Senator Dill, Representative Hickman, and members of the Committee on Agriculture, Conservation, and Forestry:
My name is Nick Bennett and I am the staff scientist for the Natural Resources Council of Maine (NRCM). NRCM is Maine’s largest environmental advocacy group with more than 25,000 members and supporters. I am testifying in support of LD 1893 with some significant amendments.
In November 1993, more than 72% of Maine voters voted to amend the Constitution in order to protect public lands. Specifically, they passed Article IX, Section 23 of the Maine Constitution, which states:
State park land, public lots or other real estate held by the State for conservation or recreation purposes and designated by legislation implementing this section may not be reduced or its uses substantially altered except on the vote of 2/3 of all the members elected to each House. The proceeds from the sale of such land must be used to purchase additional real estate in the same county for the same purposes.
In 1994, the Legislature passed several bills to implement this constitutional amendment. It classified Public Reserved Lands as “designated lands.” 12 M.R.S. § 598-A(2-A)(D). The Legislature also passed a bill stating that “designated lands…may not be reduced or substantially altered except by a 2/3 vote of the Legislature.” 12 M.R.S § 598-A. The Legislature defined “substantially altered” as:
Changed so as to significantly alter physical characteristics in a way that frustrates the essential purposes for which that land is held by the State. The essential purposes of state parks, historic sites, public access sites, facilities for boats and the Allagash Wilderness Waterway are the protection, management and improvement of these properties for public recreation, conservation, scenic values, nature appreciation, historic preservation and interpretation, public access and related purposes. The essential purposes of public reserved and nonreserved lands are the protection, management and improvement of these properties for the multiple use objectives established in section 1847.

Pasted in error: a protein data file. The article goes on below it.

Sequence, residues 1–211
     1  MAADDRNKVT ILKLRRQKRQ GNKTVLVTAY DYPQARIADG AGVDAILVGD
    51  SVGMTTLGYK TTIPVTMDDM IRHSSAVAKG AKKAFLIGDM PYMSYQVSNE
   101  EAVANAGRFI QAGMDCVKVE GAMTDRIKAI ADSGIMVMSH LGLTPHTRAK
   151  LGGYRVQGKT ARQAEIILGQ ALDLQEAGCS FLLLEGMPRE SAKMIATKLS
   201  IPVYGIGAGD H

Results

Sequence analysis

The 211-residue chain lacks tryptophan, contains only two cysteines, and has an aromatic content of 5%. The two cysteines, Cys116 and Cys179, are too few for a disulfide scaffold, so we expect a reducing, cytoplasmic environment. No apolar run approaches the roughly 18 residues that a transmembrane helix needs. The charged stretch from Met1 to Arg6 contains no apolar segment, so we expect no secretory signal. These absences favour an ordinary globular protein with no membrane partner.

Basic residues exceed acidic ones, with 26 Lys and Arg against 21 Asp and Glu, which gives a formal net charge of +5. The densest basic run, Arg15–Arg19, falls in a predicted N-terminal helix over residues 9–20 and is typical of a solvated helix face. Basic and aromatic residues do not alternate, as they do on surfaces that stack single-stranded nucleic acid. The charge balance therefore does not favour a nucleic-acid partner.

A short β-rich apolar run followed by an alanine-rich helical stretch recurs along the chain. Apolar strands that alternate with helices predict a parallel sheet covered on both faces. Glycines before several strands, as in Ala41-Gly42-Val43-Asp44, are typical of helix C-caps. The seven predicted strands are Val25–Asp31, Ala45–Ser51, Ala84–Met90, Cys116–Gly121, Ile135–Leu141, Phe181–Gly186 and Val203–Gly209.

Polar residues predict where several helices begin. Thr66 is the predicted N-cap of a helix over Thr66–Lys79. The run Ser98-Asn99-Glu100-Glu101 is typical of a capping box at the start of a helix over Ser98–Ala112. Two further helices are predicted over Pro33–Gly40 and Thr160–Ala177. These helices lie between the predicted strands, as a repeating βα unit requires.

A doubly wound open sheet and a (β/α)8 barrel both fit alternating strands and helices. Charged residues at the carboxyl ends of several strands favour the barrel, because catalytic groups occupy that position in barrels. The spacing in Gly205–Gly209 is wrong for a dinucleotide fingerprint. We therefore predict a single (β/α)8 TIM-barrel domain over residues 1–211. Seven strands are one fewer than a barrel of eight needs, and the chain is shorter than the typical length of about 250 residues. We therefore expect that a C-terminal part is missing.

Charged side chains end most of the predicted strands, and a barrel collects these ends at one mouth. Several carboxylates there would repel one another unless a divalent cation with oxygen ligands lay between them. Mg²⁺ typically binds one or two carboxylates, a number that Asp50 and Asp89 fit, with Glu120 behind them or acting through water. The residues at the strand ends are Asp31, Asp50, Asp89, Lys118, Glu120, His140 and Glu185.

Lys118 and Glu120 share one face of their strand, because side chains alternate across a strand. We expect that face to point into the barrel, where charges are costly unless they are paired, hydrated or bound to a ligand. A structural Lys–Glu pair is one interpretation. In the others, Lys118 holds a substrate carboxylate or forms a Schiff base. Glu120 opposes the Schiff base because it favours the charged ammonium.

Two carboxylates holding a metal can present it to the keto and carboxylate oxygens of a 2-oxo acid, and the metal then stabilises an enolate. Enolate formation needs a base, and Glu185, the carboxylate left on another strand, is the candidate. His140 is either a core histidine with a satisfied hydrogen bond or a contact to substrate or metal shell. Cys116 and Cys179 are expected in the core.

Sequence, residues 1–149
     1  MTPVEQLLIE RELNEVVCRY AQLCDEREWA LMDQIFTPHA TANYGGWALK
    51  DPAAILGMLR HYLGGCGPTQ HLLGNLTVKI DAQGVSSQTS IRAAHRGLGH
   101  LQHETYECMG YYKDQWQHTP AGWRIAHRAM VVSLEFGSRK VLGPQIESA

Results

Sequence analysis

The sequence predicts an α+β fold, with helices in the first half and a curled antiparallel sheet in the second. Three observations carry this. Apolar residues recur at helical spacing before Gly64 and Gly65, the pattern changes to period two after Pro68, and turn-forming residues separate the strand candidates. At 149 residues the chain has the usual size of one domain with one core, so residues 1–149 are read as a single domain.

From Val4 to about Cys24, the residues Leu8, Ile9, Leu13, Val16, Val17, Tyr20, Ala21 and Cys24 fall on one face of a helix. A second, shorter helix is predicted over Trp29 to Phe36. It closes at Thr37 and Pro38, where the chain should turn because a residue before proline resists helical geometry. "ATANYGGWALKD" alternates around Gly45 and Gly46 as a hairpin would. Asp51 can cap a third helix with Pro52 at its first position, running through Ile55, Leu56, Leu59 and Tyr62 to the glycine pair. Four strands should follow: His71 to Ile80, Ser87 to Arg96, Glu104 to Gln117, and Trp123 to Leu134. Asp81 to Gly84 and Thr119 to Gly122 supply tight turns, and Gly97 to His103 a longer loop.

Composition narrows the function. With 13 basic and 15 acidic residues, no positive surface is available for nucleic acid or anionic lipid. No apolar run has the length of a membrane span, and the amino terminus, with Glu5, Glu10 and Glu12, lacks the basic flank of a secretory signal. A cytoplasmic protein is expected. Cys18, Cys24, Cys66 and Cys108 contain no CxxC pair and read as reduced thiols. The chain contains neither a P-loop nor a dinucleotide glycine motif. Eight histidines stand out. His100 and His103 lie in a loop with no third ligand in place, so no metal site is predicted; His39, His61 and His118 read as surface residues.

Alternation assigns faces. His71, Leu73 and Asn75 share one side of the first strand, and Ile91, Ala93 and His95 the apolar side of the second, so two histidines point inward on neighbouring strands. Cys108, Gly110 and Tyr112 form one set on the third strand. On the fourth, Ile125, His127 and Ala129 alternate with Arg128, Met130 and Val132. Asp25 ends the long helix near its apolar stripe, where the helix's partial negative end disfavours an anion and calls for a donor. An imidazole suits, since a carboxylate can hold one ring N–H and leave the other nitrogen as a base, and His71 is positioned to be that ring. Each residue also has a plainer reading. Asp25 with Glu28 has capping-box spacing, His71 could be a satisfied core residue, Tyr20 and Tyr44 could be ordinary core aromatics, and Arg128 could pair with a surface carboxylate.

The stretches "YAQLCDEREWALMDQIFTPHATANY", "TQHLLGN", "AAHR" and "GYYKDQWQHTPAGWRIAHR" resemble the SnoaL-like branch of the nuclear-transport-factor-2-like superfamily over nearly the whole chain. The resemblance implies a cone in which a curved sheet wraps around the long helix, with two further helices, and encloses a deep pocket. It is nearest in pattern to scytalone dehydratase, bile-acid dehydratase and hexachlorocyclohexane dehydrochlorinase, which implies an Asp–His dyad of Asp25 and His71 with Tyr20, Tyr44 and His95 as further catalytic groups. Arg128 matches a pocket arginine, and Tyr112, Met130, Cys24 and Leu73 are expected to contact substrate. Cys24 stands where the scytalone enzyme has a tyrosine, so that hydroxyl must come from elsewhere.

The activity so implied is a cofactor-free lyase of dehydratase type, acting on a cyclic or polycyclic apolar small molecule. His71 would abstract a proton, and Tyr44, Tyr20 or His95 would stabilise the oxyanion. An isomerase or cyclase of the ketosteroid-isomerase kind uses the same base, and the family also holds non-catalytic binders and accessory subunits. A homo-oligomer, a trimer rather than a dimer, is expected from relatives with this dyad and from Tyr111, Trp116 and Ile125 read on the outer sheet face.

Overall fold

In turn, section 1847 states that: Public Reserved Lands are to “be managed under the principles of multiple use to produce a sustained yield of products and services by the use of prudent business practices and the principles of sound planning and that the Public Reserved Lands be managed to demonstrate exemplary land management practices, including silvicultural, wildlife and recreation management practices, as a demonstration of state policies governing management of forested and related types of lands.”
In short, what all of this means is that both the Maine Constitution and Maine statute require a 2/3 vote of the Legislature to approve any large-scale industrial, commercial, or utility lease of public lands. In spite of this, the Bureau of Parks and Lands entered into a lease in 2014 with Central Maine Power (CMP) for a 300-foot wide, one-mile-long power line through the Johnson Mountain and West Forks Northeast public lands, both of which are “designated lands,” without asking for a 2/3 vote of the Legislature. In the permitting process for the CMP corridor, NRCM asked the Department of Environmental Protection to allow testimony on this issue so that we could demonstrate that CMP does not have a legal lease across public lands for its corridor. DEP refused to allow this testimony.